David McWilliams: Greece gets an ultimatum from EU but there is life after the euro
Are the Germans about to give up on the Greeks? Are they about to allow the Greeks to leave the euro? It certainly feels like that. The EU has just issued an ultimatum to Greece. All the talk of a friendly deal is gone. Greek politicians say they need more time to examine the austerity attached to the release of the next tranche of the €110bn loan.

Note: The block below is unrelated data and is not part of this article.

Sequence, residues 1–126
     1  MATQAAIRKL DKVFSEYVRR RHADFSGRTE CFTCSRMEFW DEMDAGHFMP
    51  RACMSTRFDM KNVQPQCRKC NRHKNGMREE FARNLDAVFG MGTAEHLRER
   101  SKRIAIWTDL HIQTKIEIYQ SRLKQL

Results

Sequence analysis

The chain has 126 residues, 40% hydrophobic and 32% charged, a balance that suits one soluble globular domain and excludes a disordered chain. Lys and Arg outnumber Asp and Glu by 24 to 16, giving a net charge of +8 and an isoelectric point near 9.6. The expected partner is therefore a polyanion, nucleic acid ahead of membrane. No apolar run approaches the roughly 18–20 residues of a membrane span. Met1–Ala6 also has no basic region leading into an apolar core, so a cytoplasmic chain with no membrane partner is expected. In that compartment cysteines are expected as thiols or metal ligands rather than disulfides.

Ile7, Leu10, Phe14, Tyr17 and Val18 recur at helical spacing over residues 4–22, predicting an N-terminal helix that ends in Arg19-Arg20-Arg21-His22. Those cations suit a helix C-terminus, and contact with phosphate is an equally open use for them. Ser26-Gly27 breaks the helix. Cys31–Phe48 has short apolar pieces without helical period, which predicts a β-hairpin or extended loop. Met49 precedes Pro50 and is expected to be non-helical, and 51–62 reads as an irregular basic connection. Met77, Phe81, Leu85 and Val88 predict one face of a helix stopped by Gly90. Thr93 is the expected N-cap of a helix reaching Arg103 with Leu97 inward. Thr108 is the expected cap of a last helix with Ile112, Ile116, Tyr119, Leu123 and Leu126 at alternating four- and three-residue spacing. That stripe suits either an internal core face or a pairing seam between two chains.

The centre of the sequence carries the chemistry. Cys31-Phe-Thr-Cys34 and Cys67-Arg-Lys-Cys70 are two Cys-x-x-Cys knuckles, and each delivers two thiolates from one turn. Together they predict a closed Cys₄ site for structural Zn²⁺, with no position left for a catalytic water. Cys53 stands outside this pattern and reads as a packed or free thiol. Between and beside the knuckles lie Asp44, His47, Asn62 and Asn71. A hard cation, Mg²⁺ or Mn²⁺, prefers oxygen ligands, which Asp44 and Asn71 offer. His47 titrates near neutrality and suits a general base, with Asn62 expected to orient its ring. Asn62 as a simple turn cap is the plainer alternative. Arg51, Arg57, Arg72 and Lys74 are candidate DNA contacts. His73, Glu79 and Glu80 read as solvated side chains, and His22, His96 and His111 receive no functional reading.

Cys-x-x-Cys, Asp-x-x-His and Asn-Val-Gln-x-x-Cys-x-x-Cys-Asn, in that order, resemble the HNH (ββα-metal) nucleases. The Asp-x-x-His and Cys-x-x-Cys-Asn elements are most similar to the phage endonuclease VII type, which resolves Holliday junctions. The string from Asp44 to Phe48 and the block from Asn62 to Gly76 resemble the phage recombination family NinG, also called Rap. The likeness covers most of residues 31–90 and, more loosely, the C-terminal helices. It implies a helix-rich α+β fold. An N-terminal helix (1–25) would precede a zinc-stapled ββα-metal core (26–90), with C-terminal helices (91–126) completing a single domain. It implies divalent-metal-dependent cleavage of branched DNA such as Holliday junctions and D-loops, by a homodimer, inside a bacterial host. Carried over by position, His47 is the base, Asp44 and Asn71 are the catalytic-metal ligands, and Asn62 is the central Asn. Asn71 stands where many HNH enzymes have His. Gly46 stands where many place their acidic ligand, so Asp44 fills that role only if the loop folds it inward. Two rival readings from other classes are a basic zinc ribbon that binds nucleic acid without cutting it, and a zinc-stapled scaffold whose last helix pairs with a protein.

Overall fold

But austerity isn't working and the Greeks know it. Athens adopted the troika's strict budget targets in May 2010 -- nearly two years ago -- in return for a €110bn rescue. Last year the Greek economy shrank by 6pc and the country's budget deficit is still close to 10pc of GDP. Its current account deficit is also stuck at 10pc of GDP and anyone who could have got their money out of Greece will have done so ages ago.
With no credit, unemployment has risen to 18pc. As we pointed out in this column last week, over half of young Greeks are out of work. This can't go on. And as the great American economist Herbert Stein observed, "when something can't go on forever, it will stop".